Did Svalbard pinkfoot male O23 white join the Icelandic population?


Mon, 23/01/2017 (All day)

British researcher Carl Mitchell detected the Pink-footed Goose male O23 white on 2 november 2016 near Udale Bay in Scotland in a large group of pinkfoots. To our knowlegde, this is the first record of a Pink-footed Goosed ringed in Spitsbergen that joined the Icelandic pinkfoots which winter in the United Kingdom.


Pinkfoot O23 was ringed as an adult in Denmark in March 2011. The next month the bird, surely heading for Spitsbergen, was seen twice in northern Denmark. The re-sightings in ‘geese.org’ indicate that he spent the winter of 2011/2012 in Denmark. The following winter O23 was seen for the last time in Denmark, on 25 September. Three weeks later he was first recorded in Scotland and all consecutive sightings came from the United Kingdom.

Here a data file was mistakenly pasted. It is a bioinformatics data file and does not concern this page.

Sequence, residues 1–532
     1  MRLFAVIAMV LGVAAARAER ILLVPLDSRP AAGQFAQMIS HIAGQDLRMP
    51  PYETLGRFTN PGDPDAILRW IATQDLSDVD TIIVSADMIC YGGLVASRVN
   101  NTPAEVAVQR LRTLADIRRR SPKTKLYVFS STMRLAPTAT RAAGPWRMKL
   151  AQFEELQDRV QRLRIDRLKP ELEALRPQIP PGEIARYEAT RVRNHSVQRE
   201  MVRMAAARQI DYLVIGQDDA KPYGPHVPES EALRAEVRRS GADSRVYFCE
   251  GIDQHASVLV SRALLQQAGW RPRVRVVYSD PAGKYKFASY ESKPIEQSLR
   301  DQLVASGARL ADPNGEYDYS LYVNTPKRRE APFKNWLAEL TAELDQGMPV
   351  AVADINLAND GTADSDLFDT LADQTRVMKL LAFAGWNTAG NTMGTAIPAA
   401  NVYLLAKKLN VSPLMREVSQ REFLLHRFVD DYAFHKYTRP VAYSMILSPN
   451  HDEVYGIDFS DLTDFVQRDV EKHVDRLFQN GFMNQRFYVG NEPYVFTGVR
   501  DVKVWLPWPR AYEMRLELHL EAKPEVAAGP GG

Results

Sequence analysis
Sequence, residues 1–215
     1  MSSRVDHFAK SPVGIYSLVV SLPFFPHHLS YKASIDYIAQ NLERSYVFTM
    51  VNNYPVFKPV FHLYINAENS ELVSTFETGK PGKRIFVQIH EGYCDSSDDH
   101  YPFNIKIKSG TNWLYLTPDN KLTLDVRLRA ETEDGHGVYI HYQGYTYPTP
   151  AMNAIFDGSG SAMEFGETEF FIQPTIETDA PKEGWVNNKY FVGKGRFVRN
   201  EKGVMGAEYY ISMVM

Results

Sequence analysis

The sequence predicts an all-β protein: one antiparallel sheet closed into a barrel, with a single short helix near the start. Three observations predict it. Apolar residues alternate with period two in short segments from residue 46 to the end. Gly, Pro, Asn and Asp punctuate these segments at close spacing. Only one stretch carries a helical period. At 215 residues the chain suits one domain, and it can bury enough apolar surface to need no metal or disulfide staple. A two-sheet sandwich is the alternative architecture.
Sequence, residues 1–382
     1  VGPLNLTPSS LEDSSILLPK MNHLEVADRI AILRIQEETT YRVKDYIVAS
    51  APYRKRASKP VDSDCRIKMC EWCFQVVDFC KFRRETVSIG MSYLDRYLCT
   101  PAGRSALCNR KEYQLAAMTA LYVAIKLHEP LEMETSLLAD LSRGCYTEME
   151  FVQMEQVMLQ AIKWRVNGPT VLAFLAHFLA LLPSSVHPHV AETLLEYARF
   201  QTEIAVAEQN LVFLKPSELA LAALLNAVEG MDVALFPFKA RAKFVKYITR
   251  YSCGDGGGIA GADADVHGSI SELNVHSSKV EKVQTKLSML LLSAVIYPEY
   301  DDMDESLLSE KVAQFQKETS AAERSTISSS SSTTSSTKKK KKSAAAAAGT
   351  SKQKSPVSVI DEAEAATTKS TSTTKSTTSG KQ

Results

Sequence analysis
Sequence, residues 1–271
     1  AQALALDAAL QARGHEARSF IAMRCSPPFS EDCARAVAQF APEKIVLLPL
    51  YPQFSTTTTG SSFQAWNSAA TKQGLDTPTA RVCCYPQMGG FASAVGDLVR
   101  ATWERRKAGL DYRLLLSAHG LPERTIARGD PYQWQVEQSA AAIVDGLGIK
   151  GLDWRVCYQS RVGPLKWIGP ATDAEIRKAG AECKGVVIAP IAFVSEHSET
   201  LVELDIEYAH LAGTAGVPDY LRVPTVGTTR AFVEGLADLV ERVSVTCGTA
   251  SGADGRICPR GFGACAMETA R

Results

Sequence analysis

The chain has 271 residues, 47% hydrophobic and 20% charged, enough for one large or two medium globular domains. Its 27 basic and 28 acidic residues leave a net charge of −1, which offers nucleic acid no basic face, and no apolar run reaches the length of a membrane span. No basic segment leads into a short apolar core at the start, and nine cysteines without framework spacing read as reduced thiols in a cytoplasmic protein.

Based on O23’s life history, Jesper Madsen, professor at Aarhus University and project director of the Pink-footed Goose project, suspects it is likely that this male represents “the first evidence of a marked bird emigrating permanently from the Svalbard population to the UK/Icelandic population” (personal comment to Jan Kramer on 5 Nov. 2016). For background information on such population switches in pinkfoots, he refers to the article “Connectivity between flyway populations of waterbirds: assessment of rates of exchange, their causes and consequences” in het Journal of Applied Ecology 2014, 51, 183–193 by himself, Rune S. Tjørnløv, Morten Frederiksen, Carl Mitchell and Arnór Th. Sigfússon. The summary of that article mentions that “none of the birds from the eastern population emigrated permanently, but some individuals turned up in Britain in consecutive years”.


The life history of O23 now suggests that a permanent emigration of birds from the Svalbard population to the western Icelandic population is indeed a possibility.


Januari 2017, Jan Kramer